After a long day of managing others, it’s easy to forget about managing yourself. If those whom you manage are performing consistently, that might not seem like much of an issue, but consistency shouldn’t be the goal.
Great management is founded upon an individual’s ability to develop talent, and like any ability, honing it takes experience and dedication.
So how can managers truly develop others if they are not in the habit of developing themselves?
There are a vast amount of ways to accomplish self-management in both the home and workplace, but here are the three I believe are most important.
Exploit Your Biological Clock
Great work relies on mental acuity, and the nemesis of mental acuity is tradition.
Just because meetings were held in the mornings at your last job doesn’t mean you should hold meetings in the morning if you find it easier to problem solve later in the day. Nor should you drop everything at midday just because of some pre-conceived notion of ‘lunch time’.
Knowing when you work best, and using that knowledge to your advantage, is key to working effectively and efficiently. Structure your day around that time. Make it habit.
When you learn to respect the power of the biological clock and exploit it to your advantage, you will start paying attention to how it impacts your workforce.
Recognising when others do their best work makes managing them, and the projects they’re involved in much easier.
Efficient business practice has long been tempered by the traditional 9-5 work day. When we acknowledge that workers won’t always work to their limits during this period simply because they’re getting paid, we open the door to the kind of possibilities that will ensure we get the best out of everyone.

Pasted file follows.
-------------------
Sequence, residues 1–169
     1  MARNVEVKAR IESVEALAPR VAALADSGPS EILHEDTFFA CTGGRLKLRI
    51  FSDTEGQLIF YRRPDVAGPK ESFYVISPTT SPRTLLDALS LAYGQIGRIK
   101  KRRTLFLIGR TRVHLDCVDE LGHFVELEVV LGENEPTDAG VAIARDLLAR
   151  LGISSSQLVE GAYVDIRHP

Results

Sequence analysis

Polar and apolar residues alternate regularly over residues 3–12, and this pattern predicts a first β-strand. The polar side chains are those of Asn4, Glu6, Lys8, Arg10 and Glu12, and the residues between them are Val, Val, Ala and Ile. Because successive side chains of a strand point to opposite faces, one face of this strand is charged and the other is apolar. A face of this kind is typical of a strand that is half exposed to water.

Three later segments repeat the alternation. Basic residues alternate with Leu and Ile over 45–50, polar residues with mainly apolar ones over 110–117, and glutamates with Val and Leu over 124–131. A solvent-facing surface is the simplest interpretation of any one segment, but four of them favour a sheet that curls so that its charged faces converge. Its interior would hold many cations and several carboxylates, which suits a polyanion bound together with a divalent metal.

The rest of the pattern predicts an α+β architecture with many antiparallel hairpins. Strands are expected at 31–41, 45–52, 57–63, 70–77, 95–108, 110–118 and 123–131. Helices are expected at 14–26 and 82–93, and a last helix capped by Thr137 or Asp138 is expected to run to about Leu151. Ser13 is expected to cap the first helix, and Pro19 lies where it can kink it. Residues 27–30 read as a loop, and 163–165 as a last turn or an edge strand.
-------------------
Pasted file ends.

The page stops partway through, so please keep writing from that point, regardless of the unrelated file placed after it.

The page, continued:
Work Hard, and Reward
Most leaders will inevitably be ensnared by the mindset of the workaholic; a mindset which spurs us to work hard without expectation or reward.
It may be our business or, at least, a business in which we hold a prominent position, but why does that mean we shouldn’t reward ourselves when we meet our goals?
Sure, they shouldn’t be the sole reason to work towards a goal, but they do serve to boost motivation when things are tough, or not going as planned. In this way, they keep the focus of our mission in perspective.
I’m not saying you have to hand out bonuses every time your team hits a goal, but when you recognise how you feel when rewarding yourself after a job well done, you’ll know the importance of acknowledging when others do the same.
Again, this is a case of shirking tradition. Some leaders might feel as if rewarding workers for doing their job is unnecessary, but even the slightest sign of appreciation can go a long way in strengthening loyalty, trust, and a sense of community in the workplace.
Search for Insight
When the day is done, take time not just to reflect, but question in the pursuit of insight.
Mohanbir Sawhney and Sanjay Khosla, co-writers of Fewer, Bigger, Bolder: From Mindless Expansion to Focused Growth have created a list of seven insight channels for self-managers:
- Anomalies. What benefits may come of the unexpected?
- Confluence. Where can you recognise important trends or developing habits?
- Frustration. How can you make the most out of the problems you face?
- Orthodoxies. Is it time to break from toxic traditions?
- Extremities. What lessons can be learnt from those around you?
- Voyages. How is your world impacted by the world of others?
- Analogies. How can the stories of others improve your life?
Learn how to tap into these channels in your own life, and you will soon be able to do the same for the business and people you manage.
Asking questions lays the path for innovation. Innovation will keep employees engaged, and the business relevant in a time of great change in the workforce.
It’s not enough to be a competent leader. We must strive to be a great leader, and we can only become one if we first learn to manage ourselves. By following the steps above, we can do just that, and take our work, and our workforce, to new heights.